By Sara Wolbrecht
If there was a soundtrack of songs for Jesus-followers, included in the collection would most certainly be Willie Nelson’s “On the Road Again.” Our God is a sending God which makes us a people on the move. Psalms 120 – 135 reflect this sentiment – the heading you find in your Bible atop each of these psalms is: “A Psalm of Ascent,” literally, “a song for the going up.” This expression appears to refer to “going up” to Jerusalem, used as songs of travel for those headed to one of the many annual festivals; these have been called pilgrimage psalms.
Songs for people on the move. In this collection we find the familiar Psalm 121. Somehow I have missed that this truly is a psalm for the traveler. And let’s be honest: the journeys we take are not just geographical ones. We often stand with our toes on the line staring down a new adventure, a daunting task, a life-change, an anticipated journey of another kind. Sometimes the journey is a joyous one; sometimes it is dreaded.
As parents, the road is always filled with surprises, isn’t it? Just when you hit your stride there’s a steep climb to make, a fork in the road, a stunning sun-break that leaves you blinded and awe-struck.
But without question: we will continue to find ourselves on new roads again.
As people on the move, let’s walk through Psalm 121 (NIV) and notice the structure of it’s simple eight verses.
Notice the first two verses are spoken by the traveler, the one with their toes on the line, staring down the road ahead:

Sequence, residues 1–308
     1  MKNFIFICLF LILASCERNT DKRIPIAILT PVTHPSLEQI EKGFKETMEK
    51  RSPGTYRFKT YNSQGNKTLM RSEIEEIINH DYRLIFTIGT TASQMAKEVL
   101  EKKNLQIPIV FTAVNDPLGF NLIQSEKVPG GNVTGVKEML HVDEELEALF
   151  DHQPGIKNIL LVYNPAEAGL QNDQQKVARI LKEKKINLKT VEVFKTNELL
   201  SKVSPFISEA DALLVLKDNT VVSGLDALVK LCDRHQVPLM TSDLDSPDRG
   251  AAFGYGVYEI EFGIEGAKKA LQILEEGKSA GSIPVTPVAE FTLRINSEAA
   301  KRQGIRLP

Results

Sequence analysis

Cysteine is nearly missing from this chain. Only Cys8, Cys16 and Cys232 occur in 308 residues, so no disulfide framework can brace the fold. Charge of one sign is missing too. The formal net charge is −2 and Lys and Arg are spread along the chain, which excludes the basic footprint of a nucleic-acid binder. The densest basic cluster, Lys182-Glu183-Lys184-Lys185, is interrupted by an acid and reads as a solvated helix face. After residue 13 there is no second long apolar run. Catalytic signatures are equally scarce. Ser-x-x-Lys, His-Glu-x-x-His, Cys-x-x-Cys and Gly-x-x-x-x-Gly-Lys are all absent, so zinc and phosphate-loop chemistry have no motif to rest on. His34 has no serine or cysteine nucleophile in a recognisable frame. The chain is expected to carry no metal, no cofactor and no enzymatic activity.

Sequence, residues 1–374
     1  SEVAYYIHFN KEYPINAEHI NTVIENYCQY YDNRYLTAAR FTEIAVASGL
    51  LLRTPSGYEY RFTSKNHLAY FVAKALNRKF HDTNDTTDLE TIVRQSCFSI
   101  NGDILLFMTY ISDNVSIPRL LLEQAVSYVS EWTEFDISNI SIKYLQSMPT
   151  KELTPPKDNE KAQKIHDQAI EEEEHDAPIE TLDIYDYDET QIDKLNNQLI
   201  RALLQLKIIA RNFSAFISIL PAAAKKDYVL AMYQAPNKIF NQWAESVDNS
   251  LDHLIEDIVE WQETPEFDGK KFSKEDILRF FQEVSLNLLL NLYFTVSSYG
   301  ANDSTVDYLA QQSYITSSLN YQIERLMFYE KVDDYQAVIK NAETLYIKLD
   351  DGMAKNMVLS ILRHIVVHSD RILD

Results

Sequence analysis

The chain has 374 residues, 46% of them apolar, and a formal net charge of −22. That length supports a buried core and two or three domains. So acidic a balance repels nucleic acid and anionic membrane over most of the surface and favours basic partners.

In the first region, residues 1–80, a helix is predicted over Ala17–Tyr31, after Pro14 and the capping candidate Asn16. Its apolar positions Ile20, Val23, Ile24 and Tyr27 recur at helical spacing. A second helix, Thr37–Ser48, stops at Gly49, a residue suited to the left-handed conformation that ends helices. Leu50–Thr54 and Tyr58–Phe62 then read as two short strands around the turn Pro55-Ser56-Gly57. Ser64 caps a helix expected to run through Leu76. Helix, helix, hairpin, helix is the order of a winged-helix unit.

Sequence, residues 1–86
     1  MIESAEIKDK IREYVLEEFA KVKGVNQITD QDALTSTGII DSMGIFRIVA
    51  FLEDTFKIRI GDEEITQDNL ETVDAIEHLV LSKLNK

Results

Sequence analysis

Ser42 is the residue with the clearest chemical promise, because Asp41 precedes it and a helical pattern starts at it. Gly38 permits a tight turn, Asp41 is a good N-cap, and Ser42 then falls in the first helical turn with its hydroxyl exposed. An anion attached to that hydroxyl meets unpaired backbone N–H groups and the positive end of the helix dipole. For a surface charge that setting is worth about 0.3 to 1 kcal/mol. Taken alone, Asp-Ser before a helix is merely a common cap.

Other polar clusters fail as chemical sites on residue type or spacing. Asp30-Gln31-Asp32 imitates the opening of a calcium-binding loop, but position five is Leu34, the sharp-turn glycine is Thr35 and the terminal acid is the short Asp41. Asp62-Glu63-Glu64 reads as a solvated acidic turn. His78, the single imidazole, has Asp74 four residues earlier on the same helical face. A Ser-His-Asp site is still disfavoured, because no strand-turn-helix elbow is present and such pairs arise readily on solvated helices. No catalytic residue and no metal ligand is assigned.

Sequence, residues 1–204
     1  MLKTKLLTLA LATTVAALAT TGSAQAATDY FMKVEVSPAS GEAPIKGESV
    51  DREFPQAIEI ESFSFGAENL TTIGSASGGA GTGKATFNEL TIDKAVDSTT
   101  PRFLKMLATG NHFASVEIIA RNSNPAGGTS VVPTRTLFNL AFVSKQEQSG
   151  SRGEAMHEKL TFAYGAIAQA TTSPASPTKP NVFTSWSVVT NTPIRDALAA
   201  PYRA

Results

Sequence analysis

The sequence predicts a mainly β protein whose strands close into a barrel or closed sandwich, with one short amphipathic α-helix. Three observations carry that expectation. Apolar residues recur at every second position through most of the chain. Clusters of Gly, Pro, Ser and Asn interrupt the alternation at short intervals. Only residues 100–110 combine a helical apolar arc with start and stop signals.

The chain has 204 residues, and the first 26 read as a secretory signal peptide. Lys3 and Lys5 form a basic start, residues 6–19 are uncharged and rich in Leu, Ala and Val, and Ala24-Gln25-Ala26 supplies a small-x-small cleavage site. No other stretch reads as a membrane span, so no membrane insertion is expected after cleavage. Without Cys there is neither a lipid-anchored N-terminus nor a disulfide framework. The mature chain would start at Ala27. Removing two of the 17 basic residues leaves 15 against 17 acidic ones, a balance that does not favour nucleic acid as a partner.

Psalm 121:1-2 “I lift up my eyes to the mountains—where does my help come from? My help comes from the Lord, the Maker of heaven and earth.”
Then, there are friends, encouragers who are gathered at the moment of sending who speak comfort, truth, and support for the one who stares down the road ahead. These are Promises for the Journey:
Psalm 121:3-4 “[The Lord] will not let your foot slip—he who watches over you will not slumber; indeed, he who watches over Israel will neither slumber nor sleep.”
All to say – God doesn’t doze off! I so appreciate this reminder for there are times along the way when God seems absent, yes? Martin Luther speaks to this, that “we should remain steadfast in faith and await God’s help and protection. Because even though it appears that God is sleeping or snoring… this is certainly not so, despite the way we feel and think. God is surely awake and watching over us…Eventually we’ll learn that, if we can only hold fast.” – Martin Luthers Psalmen-Auslegung, volume 3:599. The friends speak on:
Psalm 121:5-6, “The Lord watches over you—the Lord is your shade at your right hand; the sun will not harm you by day, nor the moon by night.”
The encouragers speak of the Lord’s “watching over you” as shading you from danger. The first danger that protection is offered for is that of sun exposure. Sunstroke was a serious concern for those living in biblical lands. But God becomes the one who will shield you from all that might scorch you. Isaiah 49:2 uses the same imagery: “in the shadow of his hand he hides me.” Isaiah 49:2. So God protects us in the day.